It’s fall up here on the mountain. The aspens have turned to gold and the cottonwoods (my personal favorite) are just beginning to take on their fall color. There’s a nip in the air some nights and in the early mornings too. The grasses have gone to buckskin and the light has changed. I swear it’s more golden and it’s NOT my imagination.
I am sitting the gallery for the first time in over a month (see previous post What Matters in Life?) and our wonderful planters have started to go. The plants are dying as winter approaches. But Anna showed me the coolest thing: the nasturtiums put on little seedpods. We can collect them and have all the seeds we need to replant in the spring. How cool is that?
As I was harvesting these seedpods it occurred to me that this is a wonderful example of life’s yearning unto itself. The plants and flowers are dying and yet they’re giving us something, as they die, that will allow us to plant them again next year. So these very plants will live on. They are seeing to that. Wow.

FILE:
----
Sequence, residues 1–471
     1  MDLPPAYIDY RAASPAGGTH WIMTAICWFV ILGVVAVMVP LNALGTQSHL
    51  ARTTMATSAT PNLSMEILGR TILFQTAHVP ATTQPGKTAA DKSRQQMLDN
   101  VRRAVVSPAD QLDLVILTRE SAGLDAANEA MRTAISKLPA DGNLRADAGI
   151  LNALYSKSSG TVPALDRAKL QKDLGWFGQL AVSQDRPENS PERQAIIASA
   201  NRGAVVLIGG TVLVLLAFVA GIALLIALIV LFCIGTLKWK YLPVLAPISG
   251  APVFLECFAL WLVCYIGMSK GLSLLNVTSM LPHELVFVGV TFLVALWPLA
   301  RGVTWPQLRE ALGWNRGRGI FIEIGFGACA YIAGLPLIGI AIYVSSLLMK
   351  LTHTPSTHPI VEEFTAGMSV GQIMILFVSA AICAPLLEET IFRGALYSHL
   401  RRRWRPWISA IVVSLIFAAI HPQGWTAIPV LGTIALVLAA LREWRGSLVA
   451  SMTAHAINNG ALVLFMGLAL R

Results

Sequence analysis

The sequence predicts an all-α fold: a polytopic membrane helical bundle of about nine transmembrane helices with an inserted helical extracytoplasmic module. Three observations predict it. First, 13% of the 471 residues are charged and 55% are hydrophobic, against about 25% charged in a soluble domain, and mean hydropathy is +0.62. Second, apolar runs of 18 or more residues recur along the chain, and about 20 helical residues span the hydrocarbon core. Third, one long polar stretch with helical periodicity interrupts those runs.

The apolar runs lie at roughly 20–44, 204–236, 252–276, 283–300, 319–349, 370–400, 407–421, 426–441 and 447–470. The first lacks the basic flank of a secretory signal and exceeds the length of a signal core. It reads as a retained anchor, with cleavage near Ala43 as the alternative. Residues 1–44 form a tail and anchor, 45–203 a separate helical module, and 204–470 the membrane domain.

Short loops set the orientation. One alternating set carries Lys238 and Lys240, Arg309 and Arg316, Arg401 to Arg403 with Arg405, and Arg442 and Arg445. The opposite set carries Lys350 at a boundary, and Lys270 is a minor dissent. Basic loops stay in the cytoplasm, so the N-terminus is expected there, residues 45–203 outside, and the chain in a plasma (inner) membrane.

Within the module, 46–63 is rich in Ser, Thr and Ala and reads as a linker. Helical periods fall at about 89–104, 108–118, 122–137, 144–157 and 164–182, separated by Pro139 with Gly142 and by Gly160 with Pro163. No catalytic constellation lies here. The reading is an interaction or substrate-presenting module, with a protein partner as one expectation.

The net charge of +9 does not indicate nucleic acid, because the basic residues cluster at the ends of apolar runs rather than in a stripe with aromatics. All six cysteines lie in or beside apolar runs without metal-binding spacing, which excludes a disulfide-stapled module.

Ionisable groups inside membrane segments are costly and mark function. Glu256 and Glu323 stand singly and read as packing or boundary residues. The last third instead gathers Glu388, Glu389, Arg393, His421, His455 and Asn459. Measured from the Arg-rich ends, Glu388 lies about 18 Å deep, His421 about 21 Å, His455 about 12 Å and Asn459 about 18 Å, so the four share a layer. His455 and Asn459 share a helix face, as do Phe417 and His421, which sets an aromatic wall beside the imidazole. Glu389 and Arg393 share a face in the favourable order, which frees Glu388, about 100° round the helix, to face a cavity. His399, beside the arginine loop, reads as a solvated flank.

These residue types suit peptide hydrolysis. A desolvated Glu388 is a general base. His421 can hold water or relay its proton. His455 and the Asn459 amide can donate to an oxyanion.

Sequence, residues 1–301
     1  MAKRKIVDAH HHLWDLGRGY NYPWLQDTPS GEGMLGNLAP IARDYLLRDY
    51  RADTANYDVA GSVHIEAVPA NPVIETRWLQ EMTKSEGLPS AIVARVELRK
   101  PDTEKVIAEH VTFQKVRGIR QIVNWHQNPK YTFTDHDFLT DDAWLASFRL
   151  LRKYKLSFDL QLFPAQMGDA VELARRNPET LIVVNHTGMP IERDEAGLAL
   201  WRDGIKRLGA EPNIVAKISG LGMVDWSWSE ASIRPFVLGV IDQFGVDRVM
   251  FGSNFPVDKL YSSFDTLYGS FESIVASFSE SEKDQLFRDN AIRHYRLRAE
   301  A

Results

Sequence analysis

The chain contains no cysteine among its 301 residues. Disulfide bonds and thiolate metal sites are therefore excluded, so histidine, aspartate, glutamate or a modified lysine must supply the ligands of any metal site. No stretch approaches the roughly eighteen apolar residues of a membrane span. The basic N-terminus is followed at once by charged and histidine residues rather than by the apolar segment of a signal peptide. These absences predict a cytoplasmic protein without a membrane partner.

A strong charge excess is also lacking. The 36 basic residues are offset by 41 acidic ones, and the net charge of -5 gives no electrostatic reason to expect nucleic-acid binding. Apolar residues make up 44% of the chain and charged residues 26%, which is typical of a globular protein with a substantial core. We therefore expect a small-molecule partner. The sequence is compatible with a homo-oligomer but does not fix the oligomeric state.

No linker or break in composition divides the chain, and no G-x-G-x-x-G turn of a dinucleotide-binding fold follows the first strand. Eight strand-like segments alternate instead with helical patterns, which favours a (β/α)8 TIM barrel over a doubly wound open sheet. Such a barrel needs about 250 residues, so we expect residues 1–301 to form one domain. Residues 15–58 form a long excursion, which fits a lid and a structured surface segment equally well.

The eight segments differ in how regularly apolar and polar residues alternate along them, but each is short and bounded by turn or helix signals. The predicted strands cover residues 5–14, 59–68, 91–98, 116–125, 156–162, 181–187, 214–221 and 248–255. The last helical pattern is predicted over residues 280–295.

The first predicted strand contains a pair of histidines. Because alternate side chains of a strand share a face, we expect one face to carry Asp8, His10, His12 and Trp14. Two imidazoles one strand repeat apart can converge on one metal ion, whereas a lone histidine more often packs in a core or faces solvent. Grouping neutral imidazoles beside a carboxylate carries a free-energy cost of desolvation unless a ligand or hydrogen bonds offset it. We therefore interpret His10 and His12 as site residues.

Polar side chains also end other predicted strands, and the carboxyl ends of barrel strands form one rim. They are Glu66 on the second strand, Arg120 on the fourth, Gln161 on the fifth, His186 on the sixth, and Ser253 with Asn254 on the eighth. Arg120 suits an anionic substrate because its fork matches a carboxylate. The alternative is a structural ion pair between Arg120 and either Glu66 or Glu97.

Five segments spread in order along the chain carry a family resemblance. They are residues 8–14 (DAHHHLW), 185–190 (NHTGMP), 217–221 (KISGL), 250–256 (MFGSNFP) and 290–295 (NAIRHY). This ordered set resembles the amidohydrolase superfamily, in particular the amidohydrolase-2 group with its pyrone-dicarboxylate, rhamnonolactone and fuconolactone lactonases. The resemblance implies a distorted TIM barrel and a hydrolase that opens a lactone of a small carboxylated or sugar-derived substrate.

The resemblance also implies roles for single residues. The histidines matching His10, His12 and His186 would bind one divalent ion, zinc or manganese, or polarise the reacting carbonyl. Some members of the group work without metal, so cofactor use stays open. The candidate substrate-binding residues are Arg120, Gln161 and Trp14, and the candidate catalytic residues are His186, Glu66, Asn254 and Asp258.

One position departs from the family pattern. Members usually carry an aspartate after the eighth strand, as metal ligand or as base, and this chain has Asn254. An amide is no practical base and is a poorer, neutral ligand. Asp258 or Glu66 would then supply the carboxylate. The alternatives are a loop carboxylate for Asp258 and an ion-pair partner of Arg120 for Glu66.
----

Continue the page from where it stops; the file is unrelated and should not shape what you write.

A friend recently asked me if I thought it was silly to get excited over simple, small things. I told him that I don’t think so. In fact I think it is how we are meant to live—pared down enough, slowed down enough—that we notice the small pleasures and have the time to delight in them.
There was a time in my life that I wouldn’t have noticed the hawk taking flight out my window or the smell of bread baking; the color of the sky at sunset… the nasturtiums putting on seedpods. And I am very, very grateful that I notice them now. I believe the simple small pleasures, like laughing out loud when I am alone, strung together, are powerful. Life has its dark side too and when it rises up (and we all know it will eventually) and takes our attention, these will be our salvation. These will be the breadcrumbs that lead us back—out of the darkness and once again into to the light.
Love to you all,